Jefferson Starship: Earth (1978)

Starlog 4.0: UNITED EARTH. This is the last ride of Kaptain Kantner and the Two Heads (Marty Balin, Grace Slick) in the good ship Starship.  For all the acrimony that was likely under Earth’s surface, this may be the smoothest ride of the four Jefferson Starship albums. It contains two winning ballads from Balin (“Count On Me,” “Runaway”), a nice pair from Grace Slick (“Show Yourself,” “Take Your Time”) and a solid opening shot from Craig Chaquico (“Love Too Good”). Plus, everyone piles onboard the Starship for one last ride on the closing “All Nite Long,” which is a nice sendoff. Still, it’s mediocrity by democracy. Balin and Slick seem like they’re leasing space in the Starship at this stage, carving out their own corner of Earth with Kantner, Chaquico, Barbata, Freiberg and Sears as their backing band. Oddly, this disharmony of personalities was a preferred formula for success during the Seventies, as evidenced by Eagles, Fleetwood Mac and CSN&Y. It provided a richer mixture of sounds, since every ego had to find its outlet, with a little something for everyone. Rock, ballads and mystical sidetrips got rolled together, and while smoking the whole thing was strangely unsatisfying, these everyone-gets-a-turn albums were usually good for a few hits. Like their neighbors the Grateful Dead, the Starship albums had their share of missteps too; this time it’s the embarrassing “Skateboard,” in which Grace Slick philosophizes “If miles turned to inches, you know that man would roll all the way around the world tonight,” which doesn’t make any earthly sense at all. Then again, I don’t have a lot of skin in the Starship saga, and if the original starcaptain had grown long in tooth and dim in vision, the mutinous mutation of Earth is no concern of mine.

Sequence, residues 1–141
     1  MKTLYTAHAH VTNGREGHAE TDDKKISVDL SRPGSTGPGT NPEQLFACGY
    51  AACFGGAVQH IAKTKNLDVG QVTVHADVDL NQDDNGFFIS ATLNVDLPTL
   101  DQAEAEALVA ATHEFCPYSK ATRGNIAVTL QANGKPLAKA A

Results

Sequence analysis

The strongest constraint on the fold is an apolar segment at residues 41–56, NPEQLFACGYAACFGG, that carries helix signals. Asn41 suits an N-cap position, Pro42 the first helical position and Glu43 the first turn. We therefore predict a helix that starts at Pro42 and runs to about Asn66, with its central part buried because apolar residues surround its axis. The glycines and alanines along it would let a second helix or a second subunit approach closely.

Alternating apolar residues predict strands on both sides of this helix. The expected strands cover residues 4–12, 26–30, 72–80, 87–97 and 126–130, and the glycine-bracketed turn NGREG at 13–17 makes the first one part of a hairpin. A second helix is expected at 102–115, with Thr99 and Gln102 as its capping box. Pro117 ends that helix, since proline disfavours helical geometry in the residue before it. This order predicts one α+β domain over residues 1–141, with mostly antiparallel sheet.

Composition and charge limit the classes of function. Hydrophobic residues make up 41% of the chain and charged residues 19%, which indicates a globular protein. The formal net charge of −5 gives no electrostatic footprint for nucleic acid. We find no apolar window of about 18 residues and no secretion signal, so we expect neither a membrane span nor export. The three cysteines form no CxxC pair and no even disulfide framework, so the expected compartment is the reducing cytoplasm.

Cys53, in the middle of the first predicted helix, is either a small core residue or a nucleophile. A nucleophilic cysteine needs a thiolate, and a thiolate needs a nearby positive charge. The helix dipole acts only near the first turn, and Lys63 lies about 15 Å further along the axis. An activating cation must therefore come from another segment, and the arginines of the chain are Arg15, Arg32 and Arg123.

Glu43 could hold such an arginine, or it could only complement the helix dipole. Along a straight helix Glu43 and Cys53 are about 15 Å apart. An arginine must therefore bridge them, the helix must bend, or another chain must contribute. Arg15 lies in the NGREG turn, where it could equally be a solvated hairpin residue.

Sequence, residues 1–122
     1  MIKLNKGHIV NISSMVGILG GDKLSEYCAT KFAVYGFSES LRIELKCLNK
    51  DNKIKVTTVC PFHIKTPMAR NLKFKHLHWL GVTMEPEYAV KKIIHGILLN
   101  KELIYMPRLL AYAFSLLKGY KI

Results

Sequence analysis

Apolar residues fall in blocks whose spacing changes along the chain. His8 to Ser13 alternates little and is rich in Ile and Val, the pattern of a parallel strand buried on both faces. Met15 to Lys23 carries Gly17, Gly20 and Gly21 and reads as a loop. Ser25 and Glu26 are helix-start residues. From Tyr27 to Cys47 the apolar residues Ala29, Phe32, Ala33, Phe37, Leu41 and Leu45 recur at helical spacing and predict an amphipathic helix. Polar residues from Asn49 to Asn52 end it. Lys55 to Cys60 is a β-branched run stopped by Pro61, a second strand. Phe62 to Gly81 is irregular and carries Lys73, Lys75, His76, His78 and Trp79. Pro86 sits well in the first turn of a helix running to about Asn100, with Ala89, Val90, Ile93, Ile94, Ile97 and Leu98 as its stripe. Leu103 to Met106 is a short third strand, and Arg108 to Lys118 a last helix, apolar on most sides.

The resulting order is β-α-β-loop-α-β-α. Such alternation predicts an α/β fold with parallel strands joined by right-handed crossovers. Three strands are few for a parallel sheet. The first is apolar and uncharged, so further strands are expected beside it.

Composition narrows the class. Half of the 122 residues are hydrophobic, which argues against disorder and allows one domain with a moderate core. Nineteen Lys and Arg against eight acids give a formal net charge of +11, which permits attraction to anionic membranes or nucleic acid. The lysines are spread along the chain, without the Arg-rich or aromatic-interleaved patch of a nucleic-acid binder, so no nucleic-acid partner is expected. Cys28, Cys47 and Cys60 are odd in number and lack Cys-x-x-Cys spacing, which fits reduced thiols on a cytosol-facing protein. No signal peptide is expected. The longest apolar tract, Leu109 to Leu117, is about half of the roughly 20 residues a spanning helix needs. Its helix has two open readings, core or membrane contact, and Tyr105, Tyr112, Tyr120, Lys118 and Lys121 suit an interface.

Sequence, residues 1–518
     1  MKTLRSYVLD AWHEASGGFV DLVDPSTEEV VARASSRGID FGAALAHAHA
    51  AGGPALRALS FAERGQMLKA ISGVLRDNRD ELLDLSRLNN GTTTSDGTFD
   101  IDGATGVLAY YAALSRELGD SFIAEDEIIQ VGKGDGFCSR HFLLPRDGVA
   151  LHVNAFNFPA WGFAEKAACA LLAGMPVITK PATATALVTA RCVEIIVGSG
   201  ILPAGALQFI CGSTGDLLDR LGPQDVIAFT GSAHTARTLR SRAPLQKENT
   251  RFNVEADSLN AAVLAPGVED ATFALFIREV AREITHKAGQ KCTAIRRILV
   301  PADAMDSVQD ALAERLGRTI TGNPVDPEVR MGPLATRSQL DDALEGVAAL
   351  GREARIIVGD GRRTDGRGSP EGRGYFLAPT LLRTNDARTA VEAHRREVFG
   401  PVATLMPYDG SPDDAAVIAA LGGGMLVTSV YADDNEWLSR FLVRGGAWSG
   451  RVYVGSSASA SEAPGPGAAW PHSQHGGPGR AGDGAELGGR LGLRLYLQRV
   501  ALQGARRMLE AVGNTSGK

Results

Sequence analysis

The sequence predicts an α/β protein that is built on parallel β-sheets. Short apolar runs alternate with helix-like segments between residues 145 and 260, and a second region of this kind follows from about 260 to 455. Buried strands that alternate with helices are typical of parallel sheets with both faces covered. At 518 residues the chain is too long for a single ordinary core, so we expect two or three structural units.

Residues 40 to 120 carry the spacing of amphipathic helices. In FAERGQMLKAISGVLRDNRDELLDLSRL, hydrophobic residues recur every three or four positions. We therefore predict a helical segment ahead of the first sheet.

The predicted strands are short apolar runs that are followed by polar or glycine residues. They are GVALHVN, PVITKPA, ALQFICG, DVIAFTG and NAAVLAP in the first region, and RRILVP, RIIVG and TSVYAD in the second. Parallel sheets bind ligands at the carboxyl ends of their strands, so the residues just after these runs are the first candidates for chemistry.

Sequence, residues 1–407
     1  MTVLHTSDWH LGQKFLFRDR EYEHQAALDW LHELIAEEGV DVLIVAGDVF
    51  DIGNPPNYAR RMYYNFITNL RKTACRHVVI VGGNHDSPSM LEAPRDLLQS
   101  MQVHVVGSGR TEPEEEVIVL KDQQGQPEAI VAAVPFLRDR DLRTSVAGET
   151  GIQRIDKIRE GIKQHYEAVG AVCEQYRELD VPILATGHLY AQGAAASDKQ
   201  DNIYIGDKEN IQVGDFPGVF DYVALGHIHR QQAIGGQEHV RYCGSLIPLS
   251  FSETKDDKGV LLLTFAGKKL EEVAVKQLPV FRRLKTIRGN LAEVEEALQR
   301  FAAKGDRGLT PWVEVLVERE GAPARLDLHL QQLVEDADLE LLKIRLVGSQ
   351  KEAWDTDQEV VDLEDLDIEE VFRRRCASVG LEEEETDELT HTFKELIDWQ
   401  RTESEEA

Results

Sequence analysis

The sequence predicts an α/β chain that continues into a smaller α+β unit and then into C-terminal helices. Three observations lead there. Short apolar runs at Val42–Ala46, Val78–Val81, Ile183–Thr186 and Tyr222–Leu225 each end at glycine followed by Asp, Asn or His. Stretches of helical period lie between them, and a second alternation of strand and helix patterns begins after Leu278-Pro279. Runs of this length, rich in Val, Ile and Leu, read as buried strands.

Original LP Version
A1. Love Too Good (Gabriel Robles/Craig Chaquico) 6:03
A2. Count On Me (Jesse Barish) 3:14
A3. Take Your Time (Grace Slick/Pete Sears) 4:08
A4. Crazy Feelin’ (Jesse Barish) 3:38
A5. Skateboard (Craig Chaquico/Grace Slick) 3:18
B1. Fire (Marty Balin/Trish Robbins/David Freiberg/Pete Sears) 4:44
B2. Show Yourself (Grace Slick) 4:36
B3. Runaway (N.Q. Dewey) 5:18
B4. All Nite Long (Paul Kantner/Marty Balin/Jesse Barish/Grace Slick/John Barbata/Pete Sears/Craig Chaquico/David Freiberg) 6:28

All songs arranged by Jefferson Starship.

The Players
Marty Balin (vocals), John Barbata (electric drums, drums, congas, percussion, vocals), Craig Chaquico (lead guitar, rhythm guitar, vocals), David Freiberg (bass, organ, vocals), Paul Kantner (rhythm guitar, vocals), Pete Sears (electric piano, organ, Moog, synthesizers, piano, celeste, clavinet, bass) and Grace Slick (piano, vocals) with Gene Page (string and horn arrangements). Produced by Larry Cox and Jefferson Starship, engineered by Larry Cox and recorded by Steve Hall.

The Plastic
Originally released on elpee and 8-track on March 1978 in the US (Grunt, BXL1/BXS1-2515), UK and Germany (Grunt, FL-12515), Brazil (RCA, 1048079) and Japan (Grunt, RVP-6254); reached #5 on the US charts (RIAA certified platinum). Original elpee featured a lyrics innersleeve. Re-released on elpee in Japana (Grunt, RPL-2114) and in 1981 in the US (RCA, AYL1-4172). Re-released on digitally remastered CD on February 25, 1997 in the US and UK (RCA, 66878) and in 2008 in Japan (BMG, BVCM-35244). Production and art coordinated by Pat Ieraci (Maurice), illustrated by Nat Quick, dust sleeve and label illustrated by Don Davis, photography by Roger Ressmeyer and art direction by Tim Bryant/Gribbit and Jefferson Starship.

1 thought on “Jefferson Starship: Earth (1978)

  1. The weakest JS album, IMHO. “Earth” is far more cohesive than “Spitfire”, but what makes it cohesive is what also makes it weaker. The band sounds tired and uninspired. Balin and Slick split the album pretty much down the middle. Slick still cared more about songwriting than Balin did, but it’s still all boring 70’s soft rock. Only “Show Yourself” and “All Nite Long” contain a little bit of the old spark. The band chemistry was dissipating at this point, so something was going to give.

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